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But hey, maybe you want something surprising. The Hoodooist greatly enjoys a Scandinavian winter, and definitely a Scandinavian Christmas – and one can hardly go wrong with Tanqueray No. 10 anyway. Bring a bit of Sweden into your home with dill in Gareth Evans’ (WORLD CLASS™ UK Winner and bar manager of City Social, Click HERE for full review) Scandinavian Martini:

Dill or No Dill

Dill or No Dill

DILL OR NO DILL

Ingredients:
50ml Tanqueray No. TEN Gin
15ml Elderflower syrup
10ml Fresh lemon juice
30ml Cucumber water
2 Sprigs of dill
1 Pinch of smoked salt

Method:
Place all ingredients into a chilled shaker and shake.
Fine strain into a coupette.
Garnish with sprig of dill pegged to the glass

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And finally, for something a little weirder by Matthew Armitage of the Craft Cocktail Co. @ Grotto Outre, Shoreditch.

The Mince Pie Martini

The Mince Pie Martini

The Mince Pie Martini

Ingredients:
50ml minced meat mix infused vodka
1 teaspoon of apricot jam
1 teaspoon of Mirabelle plum jam
25ml Lemon Juice
15ml Sugar Syrup (1 part caster sugar: 1 part water)
Garnish: Lemon twist

 

Method for making Minced Meat Infused Vodka:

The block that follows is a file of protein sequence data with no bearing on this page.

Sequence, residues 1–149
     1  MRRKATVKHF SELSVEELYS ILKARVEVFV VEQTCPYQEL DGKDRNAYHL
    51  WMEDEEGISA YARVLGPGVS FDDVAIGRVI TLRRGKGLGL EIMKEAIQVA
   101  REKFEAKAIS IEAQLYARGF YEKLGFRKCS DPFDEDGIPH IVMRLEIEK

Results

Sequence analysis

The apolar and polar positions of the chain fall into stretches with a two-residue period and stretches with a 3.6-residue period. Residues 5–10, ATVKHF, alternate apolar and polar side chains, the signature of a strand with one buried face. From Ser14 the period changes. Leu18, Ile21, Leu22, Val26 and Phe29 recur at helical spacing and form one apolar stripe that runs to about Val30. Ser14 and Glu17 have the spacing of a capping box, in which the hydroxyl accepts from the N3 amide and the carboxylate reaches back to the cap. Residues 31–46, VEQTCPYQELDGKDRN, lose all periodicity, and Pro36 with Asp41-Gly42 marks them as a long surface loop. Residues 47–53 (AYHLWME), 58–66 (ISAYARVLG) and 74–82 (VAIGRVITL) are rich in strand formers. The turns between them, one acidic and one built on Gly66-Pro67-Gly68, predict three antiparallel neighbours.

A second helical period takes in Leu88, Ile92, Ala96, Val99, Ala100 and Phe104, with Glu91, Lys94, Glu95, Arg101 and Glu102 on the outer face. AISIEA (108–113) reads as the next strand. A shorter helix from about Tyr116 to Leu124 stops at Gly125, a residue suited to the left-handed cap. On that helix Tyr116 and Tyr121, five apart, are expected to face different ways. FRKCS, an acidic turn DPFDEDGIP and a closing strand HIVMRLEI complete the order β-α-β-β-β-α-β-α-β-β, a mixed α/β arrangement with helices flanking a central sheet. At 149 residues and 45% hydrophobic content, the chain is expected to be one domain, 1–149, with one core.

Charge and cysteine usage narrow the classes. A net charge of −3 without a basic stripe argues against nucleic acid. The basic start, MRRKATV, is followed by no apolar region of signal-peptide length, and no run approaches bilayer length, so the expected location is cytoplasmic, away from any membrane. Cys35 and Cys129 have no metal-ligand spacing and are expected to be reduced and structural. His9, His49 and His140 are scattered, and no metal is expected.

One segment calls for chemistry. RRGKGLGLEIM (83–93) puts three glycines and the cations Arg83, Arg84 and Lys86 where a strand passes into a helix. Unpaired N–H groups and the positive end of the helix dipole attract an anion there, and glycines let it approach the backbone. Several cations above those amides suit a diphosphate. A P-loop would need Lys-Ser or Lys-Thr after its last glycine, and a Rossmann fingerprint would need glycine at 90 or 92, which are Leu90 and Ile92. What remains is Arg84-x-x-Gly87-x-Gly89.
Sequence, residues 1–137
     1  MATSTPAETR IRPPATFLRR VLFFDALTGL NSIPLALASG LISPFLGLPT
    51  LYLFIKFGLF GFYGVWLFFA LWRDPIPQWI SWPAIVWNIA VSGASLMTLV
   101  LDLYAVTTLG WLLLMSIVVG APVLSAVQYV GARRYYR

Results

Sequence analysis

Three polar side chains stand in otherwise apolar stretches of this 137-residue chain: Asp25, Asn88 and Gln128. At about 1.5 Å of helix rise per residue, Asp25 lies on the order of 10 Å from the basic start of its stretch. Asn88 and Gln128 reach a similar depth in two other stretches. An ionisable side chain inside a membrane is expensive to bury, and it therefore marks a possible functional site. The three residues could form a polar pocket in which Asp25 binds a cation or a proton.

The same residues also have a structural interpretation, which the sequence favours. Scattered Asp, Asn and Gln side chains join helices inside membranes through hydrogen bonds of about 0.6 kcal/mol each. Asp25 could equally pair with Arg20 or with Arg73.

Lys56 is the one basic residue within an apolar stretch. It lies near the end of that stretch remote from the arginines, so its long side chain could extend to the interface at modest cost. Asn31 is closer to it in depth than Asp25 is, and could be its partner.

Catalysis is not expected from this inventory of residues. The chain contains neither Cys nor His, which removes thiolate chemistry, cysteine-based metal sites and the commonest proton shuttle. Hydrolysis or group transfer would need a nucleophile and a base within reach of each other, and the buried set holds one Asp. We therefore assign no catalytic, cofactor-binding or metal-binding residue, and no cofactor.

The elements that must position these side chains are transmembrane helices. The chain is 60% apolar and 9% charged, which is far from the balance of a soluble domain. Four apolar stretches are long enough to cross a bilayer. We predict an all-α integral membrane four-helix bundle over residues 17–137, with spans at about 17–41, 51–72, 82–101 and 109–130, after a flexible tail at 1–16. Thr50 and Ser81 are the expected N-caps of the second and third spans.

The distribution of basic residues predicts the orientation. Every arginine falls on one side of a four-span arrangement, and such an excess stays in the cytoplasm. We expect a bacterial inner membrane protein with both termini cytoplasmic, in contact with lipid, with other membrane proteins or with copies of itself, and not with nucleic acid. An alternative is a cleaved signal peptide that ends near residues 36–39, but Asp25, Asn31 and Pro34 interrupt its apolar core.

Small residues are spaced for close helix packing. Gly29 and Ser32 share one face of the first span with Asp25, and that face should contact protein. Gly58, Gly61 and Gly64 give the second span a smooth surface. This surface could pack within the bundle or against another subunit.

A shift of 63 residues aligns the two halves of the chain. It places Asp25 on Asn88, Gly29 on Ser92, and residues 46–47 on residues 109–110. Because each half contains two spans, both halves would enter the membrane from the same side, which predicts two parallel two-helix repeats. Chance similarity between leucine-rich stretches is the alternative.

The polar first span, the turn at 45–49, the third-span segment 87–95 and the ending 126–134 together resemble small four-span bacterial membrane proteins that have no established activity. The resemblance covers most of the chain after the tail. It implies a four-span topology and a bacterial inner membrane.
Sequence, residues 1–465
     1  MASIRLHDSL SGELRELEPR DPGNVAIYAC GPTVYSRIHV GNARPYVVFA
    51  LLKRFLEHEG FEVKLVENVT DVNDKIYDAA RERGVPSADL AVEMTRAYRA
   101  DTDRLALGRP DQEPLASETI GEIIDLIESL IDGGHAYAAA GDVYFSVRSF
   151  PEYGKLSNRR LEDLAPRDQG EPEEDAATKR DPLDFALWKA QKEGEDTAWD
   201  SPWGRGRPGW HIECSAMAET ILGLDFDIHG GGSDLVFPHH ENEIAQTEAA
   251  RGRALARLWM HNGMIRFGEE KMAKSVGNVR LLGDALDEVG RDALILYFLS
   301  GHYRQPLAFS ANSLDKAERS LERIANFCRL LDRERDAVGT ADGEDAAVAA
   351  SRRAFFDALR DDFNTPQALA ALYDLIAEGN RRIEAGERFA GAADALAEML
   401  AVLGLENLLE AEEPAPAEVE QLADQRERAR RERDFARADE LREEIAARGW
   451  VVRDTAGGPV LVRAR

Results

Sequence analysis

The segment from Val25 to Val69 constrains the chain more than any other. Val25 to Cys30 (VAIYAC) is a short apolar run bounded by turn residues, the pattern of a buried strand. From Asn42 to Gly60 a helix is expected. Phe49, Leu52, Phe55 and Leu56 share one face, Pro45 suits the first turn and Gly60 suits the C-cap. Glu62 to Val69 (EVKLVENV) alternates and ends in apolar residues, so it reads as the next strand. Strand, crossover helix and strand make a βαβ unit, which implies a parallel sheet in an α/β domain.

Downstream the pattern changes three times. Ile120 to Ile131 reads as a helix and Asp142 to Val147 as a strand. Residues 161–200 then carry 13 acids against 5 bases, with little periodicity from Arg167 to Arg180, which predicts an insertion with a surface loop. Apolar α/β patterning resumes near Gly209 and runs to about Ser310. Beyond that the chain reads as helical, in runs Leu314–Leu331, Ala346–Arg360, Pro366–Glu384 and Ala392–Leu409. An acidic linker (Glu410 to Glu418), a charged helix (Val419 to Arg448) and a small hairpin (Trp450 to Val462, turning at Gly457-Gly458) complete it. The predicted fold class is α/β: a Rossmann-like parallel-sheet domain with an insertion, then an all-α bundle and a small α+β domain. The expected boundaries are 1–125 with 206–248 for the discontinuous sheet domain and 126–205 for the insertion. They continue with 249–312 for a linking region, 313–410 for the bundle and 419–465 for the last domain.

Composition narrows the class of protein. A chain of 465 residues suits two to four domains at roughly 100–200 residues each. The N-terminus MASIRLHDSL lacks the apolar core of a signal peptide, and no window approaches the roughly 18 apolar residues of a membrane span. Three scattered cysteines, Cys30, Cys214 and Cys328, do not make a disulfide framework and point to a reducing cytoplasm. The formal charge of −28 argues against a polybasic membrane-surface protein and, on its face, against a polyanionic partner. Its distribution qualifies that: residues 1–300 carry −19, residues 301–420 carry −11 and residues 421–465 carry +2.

Place 100g minced meat mix in a sealed container with 1 bottle of vodka. Leave to infuse for a week. Strain through a sieve to remove the larger pieces and then through a coffee filter to remove the small pieces. Once it’s strained pour back into the vodka bottle. Ready when you need it.

Method for Mince Pie Martini:

Pour all ingredients into a cocktail shaker. Add cubed ice and shake. Strain into a martini glass and garnish with a lemon twist.

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Gift Ideas; PRESENTS, SUCH PRESENTS

T’is the season TO BE SHOWERED WITH GIFTS.

You can’t make the drinks above with a decent cocktail set, can ya? And if you’re gonna make ‘em, might as well do it with a little pizazz.

The cocktail obsessive craves a well-crafted cocktail set, and I can’t think of one that beats the Alexander & James Japanese Cocktail Set Christmas Gift Pack. This cocktail set is the epitome of luxurious bar wear and is the ultimate gift for cocktail aficionados.

A&J Japanese Cocktail Set Christmas Gift Pack

A&J Japanese Cocktail Set Christmas Gift Pack

Inside this set:

1 x Usagi Heavyweight Cobbler Shaker
1 x Natural Wood Muddler
1 x Premium Julep Strainer
1 x Copper measure
1 x Teardrop Barspoon
1 x Seamless Paddle Mixing Glass